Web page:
These sneaky mental processes are dangerous because not only do they lead to bad data being shared, we don’t know we are doing it. When we insist that all objectives be SMART we almost always fall into using proxies in place of real measures. So productivity is replaced by volume of output and effectiveness replaced with efficiency. We assume that if someone is busy they’re producing value and if someone is sitting and thinking they are doing nothing.
Final note: if you think your company uses busy as a proxy for doing something useful give me a call. You need to change this.
It may be surprising for a coach to have a problem with this particular element since coaching is all about achievable aims. The difference is that, in coaching, the only person assessing you is you. When coaching, if the coachee doesn’t hit a target they’re aiming for, this isn’t seen as failure, it’s seen as information guiding us on how to make improvements. In SMART objectives, this is never the case.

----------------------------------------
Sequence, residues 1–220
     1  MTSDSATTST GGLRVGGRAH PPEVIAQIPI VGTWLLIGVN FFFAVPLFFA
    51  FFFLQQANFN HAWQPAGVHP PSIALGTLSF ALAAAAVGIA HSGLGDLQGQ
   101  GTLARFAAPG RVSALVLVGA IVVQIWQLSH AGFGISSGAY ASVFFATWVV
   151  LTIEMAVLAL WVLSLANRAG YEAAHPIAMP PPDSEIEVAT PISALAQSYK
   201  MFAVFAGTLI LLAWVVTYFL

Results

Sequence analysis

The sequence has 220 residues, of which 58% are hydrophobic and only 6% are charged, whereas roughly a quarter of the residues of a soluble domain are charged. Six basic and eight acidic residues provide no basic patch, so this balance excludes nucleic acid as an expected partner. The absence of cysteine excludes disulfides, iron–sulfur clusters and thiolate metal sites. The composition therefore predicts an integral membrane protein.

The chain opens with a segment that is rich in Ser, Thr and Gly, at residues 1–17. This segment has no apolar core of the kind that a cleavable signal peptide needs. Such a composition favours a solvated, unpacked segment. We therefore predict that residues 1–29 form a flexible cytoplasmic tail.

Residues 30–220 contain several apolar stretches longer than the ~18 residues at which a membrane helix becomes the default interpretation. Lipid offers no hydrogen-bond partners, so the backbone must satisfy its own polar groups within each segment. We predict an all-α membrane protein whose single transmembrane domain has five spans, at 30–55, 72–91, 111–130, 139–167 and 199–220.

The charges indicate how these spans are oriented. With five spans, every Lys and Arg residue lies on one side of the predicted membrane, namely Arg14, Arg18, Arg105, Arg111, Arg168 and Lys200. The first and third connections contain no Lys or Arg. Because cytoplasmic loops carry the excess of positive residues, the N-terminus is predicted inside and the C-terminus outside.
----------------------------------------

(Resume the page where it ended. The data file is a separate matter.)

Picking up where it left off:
In appraisals, you’re being judged externally and a failed objective has consequences. Hence the need for an objective to be achievable undermines ambition. If you know that achieving your objectives could be the difference between a promotion and bonus, and risking losing your job, it’s the smart thing to do to set objectives that you know you can hit, leaving little room for improvement and learning.
This is especially if you consider that new tasks are being pressed on workers every day. It makes sense for any smart employee to bag him or herself nice, fuzzy objectives with plenty of wiggle room and pork. Objectives like these favour safe, self-preserving thinking.